Torah Thursday: Not by might and not by power


This week we have one of the most beautiful and straightforward Haftarot of the year from the book of Zachariah. The portion offers one of the clearest condemnation of the particular blend  of militarism, nationalism, and state-driven religion that dominates the government of Israel today.

The prophet Zachariah falls asleep and receives a vision from God of Joshua standing in between Satan (lit: the adversary) and the angel of God. After telling off Satan, God tells Joshua that he shall get to rule over the people of Israel:

So said the Lord of Hosts: If you walk in My ways, and if you keep My charge, you, too, shall judge My house, and you, too, shall guard My courtyards, and I will give you free access among these who stand by.

God proceeds to place a special seven-sided stone in front of Joshua, which in the next chapter (a few verses after the conclusion of the haftarah) it is explained is the cornerstone for the new Temple.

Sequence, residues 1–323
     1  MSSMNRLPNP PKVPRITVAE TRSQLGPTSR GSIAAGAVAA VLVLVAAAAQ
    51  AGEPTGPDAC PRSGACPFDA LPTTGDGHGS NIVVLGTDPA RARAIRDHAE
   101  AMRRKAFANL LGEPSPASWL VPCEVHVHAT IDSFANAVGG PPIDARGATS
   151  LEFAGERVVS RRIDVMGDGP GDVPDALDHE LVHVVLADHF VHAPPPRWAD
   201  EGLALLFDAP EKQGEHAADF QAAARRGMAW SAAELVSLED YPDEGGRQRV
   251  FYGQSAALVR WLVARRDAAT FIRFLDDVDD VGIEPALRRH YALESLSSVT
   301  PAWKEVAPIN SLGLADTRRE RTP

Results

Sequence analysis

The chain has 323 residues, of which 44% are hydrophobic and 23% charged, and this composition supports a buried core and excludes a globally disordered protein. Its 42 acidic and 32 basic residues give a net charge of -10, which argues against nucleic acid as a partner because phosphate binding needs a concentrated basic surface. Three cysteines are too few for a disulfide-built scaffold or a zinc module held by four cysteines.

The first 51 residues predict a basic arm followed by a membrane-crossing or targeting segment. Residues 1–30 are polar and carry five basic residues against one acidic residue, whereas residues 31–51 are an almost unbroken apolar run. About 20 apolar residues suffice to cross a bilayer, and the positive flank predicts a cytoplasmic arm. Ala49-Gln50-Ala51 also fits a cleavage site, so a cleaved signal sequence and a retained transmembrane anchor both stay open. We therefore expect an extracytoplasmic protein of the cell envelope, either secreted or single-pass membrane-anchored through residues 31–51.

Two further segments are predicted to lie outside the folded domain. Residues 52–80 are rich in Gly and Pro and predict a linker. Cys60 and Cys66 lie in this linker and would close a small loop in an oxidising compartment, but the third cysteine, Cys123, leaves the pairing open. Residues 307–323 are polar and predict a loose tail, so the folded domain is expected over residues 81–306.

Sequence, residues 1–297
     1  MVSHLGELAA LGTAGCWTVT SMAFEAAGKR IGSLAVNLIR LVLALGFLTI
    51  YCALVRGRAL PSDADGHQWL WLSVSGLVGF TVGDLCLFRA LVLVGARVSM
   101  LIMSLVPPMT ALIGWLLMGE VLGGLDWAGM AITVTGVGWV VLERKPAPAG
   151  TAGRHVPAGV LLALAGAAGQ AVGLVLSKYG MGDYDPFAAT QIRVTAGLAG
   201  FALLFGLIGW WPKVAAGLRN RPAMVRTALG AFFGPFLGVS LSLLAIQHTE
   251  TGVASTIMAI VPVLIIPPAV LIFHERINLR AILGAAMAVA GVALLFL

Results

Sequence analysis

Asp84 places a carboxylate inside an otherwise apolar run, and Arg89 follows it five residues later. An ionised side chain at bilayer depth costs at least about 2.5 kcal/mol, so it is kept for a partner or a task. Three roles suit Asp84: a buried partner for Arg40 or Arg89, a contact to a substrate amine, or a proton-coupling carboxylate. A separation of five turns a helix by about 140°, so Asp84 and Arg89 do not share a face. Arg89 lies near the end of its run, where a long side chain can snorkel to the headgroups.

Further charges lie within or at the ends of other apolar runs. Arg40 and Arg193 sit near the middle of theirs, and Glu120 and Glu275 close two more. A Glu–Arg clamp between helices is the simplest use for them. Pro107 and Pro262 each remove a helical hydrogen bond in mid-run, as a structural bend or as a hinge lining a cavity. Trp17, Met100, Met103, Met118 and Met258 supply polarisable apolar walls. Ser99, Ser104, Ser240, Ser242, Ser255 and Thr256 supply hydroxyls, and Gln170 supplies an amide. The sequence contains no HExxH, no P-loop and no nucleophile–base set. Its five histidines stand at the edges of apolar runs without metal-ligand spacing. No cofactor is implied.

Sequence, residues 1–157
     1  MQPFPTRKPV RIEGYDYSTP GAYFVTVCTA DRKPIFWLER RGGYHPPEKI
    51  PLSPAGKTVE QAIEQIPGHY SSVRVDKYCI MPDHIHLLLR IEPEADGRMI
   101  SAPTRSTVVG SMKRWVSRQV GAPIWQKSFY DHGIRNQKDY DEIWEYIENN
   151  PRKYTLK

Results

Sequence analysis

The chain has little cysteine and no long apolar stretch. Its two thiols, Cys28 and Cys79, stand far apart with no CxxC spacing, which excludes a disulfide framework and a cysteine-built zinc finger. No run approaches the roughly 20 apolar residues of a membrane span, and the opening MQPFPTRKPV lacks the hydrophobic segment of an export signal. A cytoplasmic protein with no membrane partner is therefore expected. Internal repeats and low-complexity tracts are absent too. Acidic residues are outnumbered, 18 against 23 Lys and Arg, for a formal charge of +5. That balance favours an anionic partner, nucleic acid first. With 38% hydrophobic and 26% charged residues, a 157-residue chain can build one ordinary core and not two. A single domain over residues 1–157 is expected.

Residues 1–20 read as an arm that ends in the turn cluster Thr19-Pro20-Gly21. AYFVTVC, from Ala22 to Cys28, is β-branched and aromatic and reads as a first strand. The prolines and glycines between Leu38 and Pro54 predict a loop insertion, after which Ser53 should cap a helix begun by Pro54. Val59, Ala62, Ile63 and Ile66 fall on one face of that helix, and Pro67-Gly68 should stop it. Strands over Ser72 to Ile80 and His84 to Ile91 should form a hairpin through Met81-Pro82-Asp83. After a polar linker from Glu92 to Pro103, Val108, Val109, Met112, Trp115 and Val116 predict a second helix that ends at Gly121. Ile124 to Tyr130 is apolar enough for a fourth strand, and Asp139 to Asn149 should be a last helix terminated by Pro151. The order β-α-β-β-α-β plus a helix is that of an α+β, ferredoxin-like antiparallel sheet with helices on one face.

All of the modern elements of religious nationalism are here: political power and religious power stand together, united in the person of Zachariah. However, the Bible specifically warns us against this interpretation, with one of the most famous verses to emerge from the Prophets:

And he answered and spoke to me, saying, “This is the word of the Lord to Zerubbabel, saying: ‘Not by military force and not by physical strength, but by My spirit,’ says the Lord of Hosts.

Or, as I learned this verse back when I was doing labor organizing and (ironically) USY: Not by might, and not by power. But by Spirit alone. Shall we all live in peace!

Though to be honest, I actually like the Chabad translation I am quoting from here better as the biblical word for might – חיל – is the same root that the modern Hebrew word for soldier is derived from.

The Bible recognizes that mixing religion and military power in the way that the modern State of Israel has done is a particularly dangerous combination. In this week’s haftarah we are explicitly warned against thinking that a strong military force has any connection whatsoever to Judaism as God wants it practiced.

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